Wednesday, October 14, 2009

Does This Comic Go With My Eyes

I'm sure many of us have experienced the glee of finding people who like the same things we do. It's an almost instant sense of belonging, but how many of us also get the belated sense of isolation? The first time I walked into a comic shop with my brother, every guy in the place turned around and looked at me. Initially, I thought it was because I was so young, I was eight or nine at he time. Now that I'm older and return to that and other shops, I think it was because I'm a chick. I come to this conclusion, because there aren't that many women comic fans; there aren't that many strong female characters to draw women in; and even outsiders treat other people like outsiders.

I like to think of comic shops are pockets of sanctuary, a place where other comic fans congregate to discuss this niche thing we dig. From going to these shops, though, I've never seen a lot of women. When I have seen them, they've been there with their boyfriend or, like me, their brother. So , when I hear guys say," isn't it nice that your (so and so male consort) brought you along, I understand it, but it still pisses me off. Most of these guys have been fans for years, they've had to have seen a girl come in from time to time, the novelty should have worn off. As to why there aren't that many women fans, I'm not quite sure. I think part of the reason is those looks we get. It takes a confident person to go back to a place, on regular basis, where they don't feel welcome.

Then there's the aspect of not having a lot of strong female characters. Some women can't read a comic unless there's a strong women in it, because they need a women to identify with. Superhero comics, and lets face it, that's the most talked about, advertised, and published genre of comic out there, are guilty of not having these characters in them. A lot of them are basically beat'em ups with cheesecake characters who aren't that aesthetically appealing to women. That's not to say these comics don't contain great story lines with complex, interesting characters.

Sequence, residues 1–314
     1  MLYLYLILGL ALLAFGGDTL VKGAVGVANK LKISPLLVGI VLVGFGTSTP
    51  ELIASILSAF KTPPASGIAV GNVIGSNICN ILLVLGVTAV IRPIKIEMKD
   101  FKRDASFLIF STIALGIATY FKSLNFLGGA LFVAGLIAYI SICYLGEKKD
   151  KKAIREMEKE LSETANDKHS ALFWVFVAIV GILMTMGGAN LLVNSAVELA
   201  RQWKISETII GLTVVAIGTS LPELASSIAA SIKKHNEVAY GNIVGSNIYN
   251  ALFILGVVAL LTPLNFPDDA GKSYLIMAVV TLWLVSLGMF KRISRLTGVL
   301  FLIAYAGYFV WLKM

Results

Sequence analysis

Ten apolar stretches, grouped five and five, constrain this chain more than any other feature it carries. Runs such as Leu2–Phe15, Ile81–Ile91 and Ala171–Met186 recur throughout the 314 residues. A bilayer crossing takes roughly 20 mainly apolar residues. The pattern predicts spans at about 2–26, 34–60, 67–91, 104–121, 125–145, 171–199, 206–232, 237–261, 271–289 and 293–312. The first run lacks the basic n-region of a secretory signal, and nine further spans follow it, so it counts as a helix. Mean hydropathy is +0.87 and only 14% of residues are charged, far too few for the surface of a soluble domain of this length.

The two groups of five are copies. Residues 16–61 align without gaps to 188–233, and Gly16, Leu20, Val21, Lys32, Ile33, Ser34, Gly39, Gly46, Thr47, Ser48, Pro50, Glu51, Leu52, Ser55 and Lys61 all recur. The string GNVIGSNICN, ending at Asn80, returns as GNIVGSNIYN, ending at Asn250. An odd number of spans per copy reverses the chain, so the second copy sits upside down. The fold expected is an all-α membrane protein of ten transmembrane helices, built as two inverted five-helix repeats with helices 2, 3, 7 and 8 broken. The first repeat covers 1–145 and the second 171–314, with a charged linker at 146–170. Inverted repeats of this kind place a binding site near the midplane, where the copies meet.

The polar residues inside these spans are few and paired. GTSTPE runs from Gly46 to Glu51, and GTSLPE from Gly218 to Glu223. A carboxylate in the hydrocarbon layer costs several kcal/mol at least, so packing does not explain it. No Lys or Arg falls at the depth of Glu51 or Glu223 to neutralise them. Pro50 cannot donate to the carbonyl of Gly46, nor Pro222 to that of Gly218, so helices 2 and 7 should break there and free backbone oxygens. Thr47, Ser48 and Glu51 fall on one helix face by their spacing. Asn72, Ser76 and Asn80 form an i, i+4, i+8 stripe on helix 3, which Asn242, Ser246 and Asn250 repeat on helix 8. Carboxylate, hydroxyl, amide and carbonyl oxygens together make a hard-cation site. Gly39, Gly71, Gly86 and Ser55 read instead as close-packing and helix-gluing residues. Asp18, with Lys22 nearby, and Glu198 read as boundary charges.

I don't always notice a character's gender when reading a story, I look at their characteristics and how they're written, and it's those things that keep me coming back. Two instances of this are Green Lantern and Immortal Iron Fist. I've been a fan of Iron Fist since he was teamed up with Power Man. When Ed Brubaker and Matt Fraction reintroduced him, I rediscovered my love and enthusiasm for him. This often forgotten character has been made more interesting then I remember. He's strong of will and moral fortitude, but he's also human with human failings and the writers aren't afraid to have him get beaten up or lose. Most of the characters are men with a few exceptions. Green Lantern is a series I've been following for a little over a year. Hal Jordan has a troubled past, but he's been given a chance at redemption, something I think is appealing no matter what the character's gender. He, too, is basically human with a ring that gives him powers, but those powers aren't god-like. The series gives a great mix of action and character development that keeps me anxiously awaiting my monthly DCBS shipment.

Finally there's the fact that we, as a society, like to gather into smaller and smaller groups. We divide ourselves by race, or gender, or age or even interests. I think we get a stronger sense of belonging when these groups are smaller and more personal. As comic fans, we see someone who can talk about the medium and we see a fellow outsider, someone who doesn't fit in with everyone else. Somehow, that other person being female flips some internal switch that says," this can't be a part of my group, because it violates my gender division rule." Or maybe these guys feel like they need their boys only club, that this is their last place they can call their own. To that I say, get the fuck over it! Having female comic fans isn't going to topple this world you've made for yourselves. We aren't trying to take over or dictate what your comics should be about, we just want to be treated like human-geeky-beings.